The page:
It might be more economical to ride a motorcycle (cheaper vehicle, cheaper gas, cheaper tolls, cheaper insurance). If all maintenance is done yourself, it can definitely be a somewhat cheaper option for commute.
However, motorcycle doesn't replace a car, and car doesn't provide the same experience as riding a motorcycle.
I'm not convinced on that. The vehicle may be cheaper, but there are plenty of cars that get motorcycle level fuel economy these days, so I think the fuel savings aren't nearly as much as people think they are. Cheaper tolls might apply, that just depends on where you live. We've got a number of toll roads around here, and some of them are free for motorcycles to use, but there are some that charge for motorcycles.
As for maintenance, I'm not convinced on that one either. First, in my experience the cost of taking the vehicle somewhere to have maintenance done if you can't do it yourself is significantly higher for motorcycles. There is far less competition in that market, so the labor rate is much higher. I get oil changes on my car for $35 at the dealership and could probably get that down to $25 if I searched around. I got stupid and took a motorcycle into a shop for an oil change one time and it cost me nearly $200 for that lesson.
Second, from a parts standpoint, although the bike has less oil in it, resulting in cheaper oil changes, I find the biggest maintenance cost to be keeping tires on a vehicle. I can get tires for my car at around $100 each, including mounting and balancing; I just roll into the dealership and roll back out an hour or so later with new tires. By contrast, motorcycle tires seem to run around $100 each for the cheaper tires, and that's just the tire. If I want to save money, I have to take the tire off and take it to the shop to have them swap the rubber, which will cost me around $25 per tire. I'm now at around $250 for motorcycle tires vs $400 for car tires. Seems like I saved a lot of money, right? Wait just a minute. Motorcycle tires seem to get maybe about 5-6k miles. If you drive really conservatively and get hard tires that will corner like crud, you might get 10k out of them. By contrast, I can get 30k miles out of a set of car tires while driving like Dale Jr and I know people who regularly get 60k miles out of a set of tires. Let's do the math on the tires and equal them out:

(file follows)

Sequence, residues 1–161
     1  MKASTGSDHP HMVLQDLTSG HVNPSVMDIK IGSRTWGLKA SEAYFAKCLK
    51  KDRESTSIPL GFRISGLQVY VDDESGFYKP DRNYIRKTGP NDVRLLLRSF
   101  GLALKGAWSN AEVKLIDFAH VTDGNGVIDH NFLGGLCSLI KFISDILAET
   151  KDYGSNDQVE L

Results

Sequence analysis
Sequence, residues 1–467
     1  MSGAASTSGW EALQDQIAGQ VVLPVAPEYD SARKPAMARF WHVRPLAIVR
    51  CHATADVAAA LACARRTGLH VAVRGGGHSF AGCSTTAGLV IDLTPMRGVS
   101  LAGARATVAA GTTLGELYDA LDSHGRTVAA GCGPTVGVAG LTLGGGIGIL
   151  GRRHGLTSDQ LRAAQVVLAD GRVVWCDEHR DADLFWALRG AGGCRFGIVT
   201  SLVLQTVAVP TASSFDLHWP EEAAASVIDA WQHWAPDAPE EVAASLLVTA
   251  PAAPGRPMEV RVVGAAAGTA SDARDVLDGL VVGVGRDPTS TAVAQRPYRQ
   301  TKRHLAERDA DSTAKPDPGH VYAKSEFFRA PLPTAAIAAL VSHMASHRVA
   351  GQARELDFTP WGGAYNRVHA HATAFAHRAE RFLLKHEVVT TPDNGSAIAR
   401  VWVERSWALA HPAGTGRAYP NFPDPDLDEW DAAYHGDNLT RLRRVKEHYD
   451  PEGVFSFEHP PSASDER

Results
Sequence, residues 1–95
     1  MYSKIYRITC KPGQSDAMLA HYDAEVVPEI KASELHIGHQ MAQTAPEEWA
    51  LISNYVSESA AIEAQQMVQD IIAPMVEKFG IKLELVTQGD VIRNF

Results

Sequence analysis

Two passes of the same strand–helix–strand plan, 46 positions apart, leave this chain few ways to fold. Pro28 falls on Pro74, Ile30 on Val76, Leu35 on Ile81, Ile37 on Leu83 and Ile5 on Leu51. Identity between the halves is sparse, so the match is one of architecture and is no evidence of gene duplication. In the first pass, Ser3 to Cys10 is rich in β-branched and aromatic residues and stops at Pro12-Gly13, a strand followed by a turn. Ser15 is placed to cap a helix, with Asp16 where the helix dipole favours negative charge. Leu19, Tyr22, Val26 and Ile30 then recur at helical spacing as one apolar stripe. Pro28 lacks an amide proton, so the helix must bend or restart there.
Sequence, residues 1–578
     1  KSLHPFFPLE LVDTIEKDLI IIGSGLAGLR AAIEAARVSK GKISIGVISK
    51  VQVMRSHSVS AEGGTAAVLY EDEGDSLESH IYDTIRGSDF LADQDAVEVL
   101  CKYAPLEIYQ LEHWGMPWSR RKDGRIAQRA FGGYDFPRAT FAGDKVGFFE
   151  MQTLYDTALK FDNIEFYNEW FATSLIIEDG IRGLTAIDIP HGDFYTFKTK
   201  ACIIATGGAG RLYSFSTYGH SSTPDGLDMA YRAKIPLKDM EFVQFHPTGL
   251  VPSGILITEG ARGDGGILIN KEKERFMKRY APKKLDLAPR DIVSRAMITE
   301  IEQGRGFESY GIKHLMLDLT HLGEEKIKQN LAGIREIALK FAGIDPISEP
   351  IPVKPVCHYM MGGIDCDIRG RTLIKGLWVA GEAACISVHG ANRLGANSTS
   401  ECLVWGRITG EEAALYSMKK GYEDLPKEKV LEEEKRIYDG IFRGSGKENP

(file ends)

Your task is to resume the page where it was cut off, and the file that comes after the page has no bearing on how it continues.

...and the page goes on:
Motorcycle - 10,000 miles for $250
Car - 60,000 miles for $400
Motorcycle - 60,000 miles for $1,500
That's just tires. I haven't gotten into the cost or replacing clutches on the motorcycle vs the fact that my car's CVT has 160k on it and hasn't even needed any maintenance done to it.
Oh yeah, one more thing is insurance. Yes, motorcycles are cheaper, but usually, people aren't getting what they need. One reason they're far cheaper is that insurance companies list them as recreational vehicles and expect that they will only be operated on the weekends for a few months out of the year. If you're going to use your motorcycle for regular transportation, you should tell your insurance company that and expect that your rate will immediately double. If you don't, you'll most likely be fine, but if an adjuster figures out that you've been using it for primary transportation and not as a recreational vehicle, they could nullify your policy and refuse a claim when you need it most. Granted, even at double the cost, my motorcycle insurance would still be hundreds less than my car, but that is something to consider.
Sorry but from the numbers I've run, cars are far more economical than people think they are and motorcycles cost a lot more than people seem to believe. Your mileage may vary, of course, but I wouldn't encourage anyone to go for a motorcycle just to save money. They are cool though, and that is worth something.